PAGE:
Books by Jenny Nimmo

Midnight for Charlie Bone

Charlie Bone and the Time Twister

Charlie Bone and the Blue Boa

Charlie Bone and the Castle of Mirrors

Charlie Bone and the Hidden King

Charlie Bone and the Wilderness Wolf

Charlie Bone and the Shadow of Badlock

Charlie Bone and the Red Knight

The Secret Kingdom

The Stones of Ravenglass

The Snow Spider trilogy

For Evelyn and Emyr Davies and their family.

First published in Great Britain 2008 by Egmont UK Limited
This edition published 2010
by Egmont UK Limited
239 Kensington High Street
London W8 6SA

Text copyright © 2008 Jenny Nimmo

The moral rights of the author have been asserted

ISBN 978 1 4052 4586 9
eISBN 978 1 7803 1208 8

A CIP catalogue record for this title is available from the British Library

All rights reserved. No part of this publication may be reproduced, distributed, or transmitted in any form or by any means, or stored in a database or retrieval system, without the prior written permission of the publisher.

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Title page

Books by Jenny Nimmo


The endowed children


1. The package in the cellar

2. The melting dog

3. Squirra stew

4. Green vapour

5. The Pets’ Café is closed

6. The poisoned net

7. An evil wind

8. Destruction in The Kettle Shop

9. Purr spells

10. Mr Bittermouse

11. Tancred’s note

12. A drowning

13. Charlie is excluded

14. The painting vanishes

15. The shadow’s palace

16. The spy

17. Travelling with the boa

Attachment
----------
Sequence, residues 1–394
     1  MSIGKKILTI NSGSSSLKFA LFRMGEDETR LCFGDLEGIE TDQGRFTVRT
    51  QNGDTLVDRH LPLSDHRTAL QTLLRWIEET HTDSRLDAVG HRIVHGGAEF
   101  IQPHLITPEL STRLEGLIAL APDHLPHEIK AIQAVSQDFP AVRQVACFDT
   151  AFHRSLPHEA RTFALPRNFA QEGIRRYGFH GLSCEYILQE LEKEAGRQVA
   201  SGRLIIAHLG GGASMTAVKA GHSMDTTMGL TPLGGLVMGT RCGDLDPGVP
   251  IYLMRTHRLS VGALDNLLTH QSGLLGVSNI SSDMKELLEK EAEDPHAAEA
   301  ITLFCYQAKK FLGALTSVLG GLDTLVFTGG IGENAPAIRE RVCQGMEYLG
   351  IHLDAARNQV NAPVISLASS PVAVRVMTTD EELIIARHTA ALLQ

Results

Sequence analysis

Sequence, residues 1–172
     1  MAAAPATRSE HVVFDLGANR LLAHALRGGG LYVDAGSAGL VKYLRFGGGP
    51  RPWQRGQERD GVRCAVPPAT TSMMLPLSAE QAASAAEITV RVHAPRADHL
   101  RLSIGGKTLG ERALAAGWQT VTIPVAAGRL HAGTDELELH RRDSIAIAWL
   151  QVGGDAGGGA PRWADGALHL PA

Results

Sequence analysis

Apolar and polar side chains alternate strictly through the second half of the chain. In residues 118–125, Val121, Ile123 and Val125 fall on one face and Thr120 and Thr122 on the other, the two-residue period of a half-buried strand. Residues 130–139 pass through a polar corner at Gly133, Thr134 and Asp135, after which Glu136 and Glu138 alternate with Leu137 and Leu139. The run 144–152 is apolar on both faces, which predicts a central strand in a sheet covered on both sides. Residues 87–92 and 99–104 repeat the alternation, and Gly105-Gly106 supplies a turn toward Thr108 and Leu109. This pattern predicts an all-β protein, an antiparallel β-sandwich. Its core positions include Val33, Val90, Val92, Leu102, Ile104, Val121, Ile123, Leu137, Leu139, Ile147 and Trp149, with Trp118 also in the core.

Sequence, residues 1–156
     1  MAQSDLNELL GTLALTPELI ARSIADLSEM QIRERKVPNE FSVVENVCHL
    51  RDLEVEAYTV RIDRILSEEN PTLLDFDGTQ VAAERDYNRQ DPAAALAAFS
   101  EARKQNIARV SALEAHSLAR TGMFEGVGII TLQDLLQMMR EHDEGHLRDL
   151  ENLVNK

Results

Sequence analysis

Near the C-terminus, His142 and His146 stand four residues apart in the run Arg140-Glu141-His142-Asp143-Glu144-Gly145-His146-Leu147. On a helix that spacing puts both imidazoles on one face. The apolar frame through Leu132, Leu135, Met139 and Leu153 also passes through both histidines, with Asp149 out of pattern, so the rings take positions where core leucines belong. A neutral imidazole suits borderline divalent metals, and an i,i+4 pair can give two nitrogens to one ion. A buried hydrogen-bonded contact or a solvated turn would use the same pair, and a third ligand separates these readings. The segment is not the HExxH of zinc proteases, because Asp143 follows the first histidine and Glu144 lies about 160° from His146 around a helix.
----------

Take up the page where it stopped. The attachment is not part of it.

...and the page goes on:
18. A tiger without a heart

19. Lysander to the rescue

20. Amoret

About the Publisher

The children of the Red King, called the endowed

Manfred Bloor

Talents Master at Bloor’s Academy. Previously head boy. A hypnotiser. He is descended from Borlath, eldest son of the Red King. Borlath was a brutal and sadistic tyrant.

Naren Bloor

Adopted daughter of Bartholomew Bloor, Naren can send shadow words over great distances. She is descended from the Red King’s grandson who was abducted by pirates and taken to China.

Asa Pike

A were-beast. He is descended from a tribe who lived in the Northern forests and kept strange beasts. Asa can change shape at dusk.

Billy Raven

Billy can communicate with animals. One of his ancestors conversed with ravens that sat on a gibbet where dead men hung. For this talent he was banished from his village.

Lysander Sage

Descended from an African wise man. He can call up his spirit ancestors.

Tancred Torsson

A storm-bringer. His Scandinavian ancestor was named after the thunder god, Thor. Tancred can bring rain, wind, thunder and lightning.

Gabriel Silk

Gabriel can feel scenes and emotions through the clothes of others. He comes from a line of psychics.

Emma Tolly

Emma can fly. Her surname derives from the Spanish swordsman from Toledo, whose daughter married the Red King. He is therefore an ancestor to all the endowed children.

Charlie Bone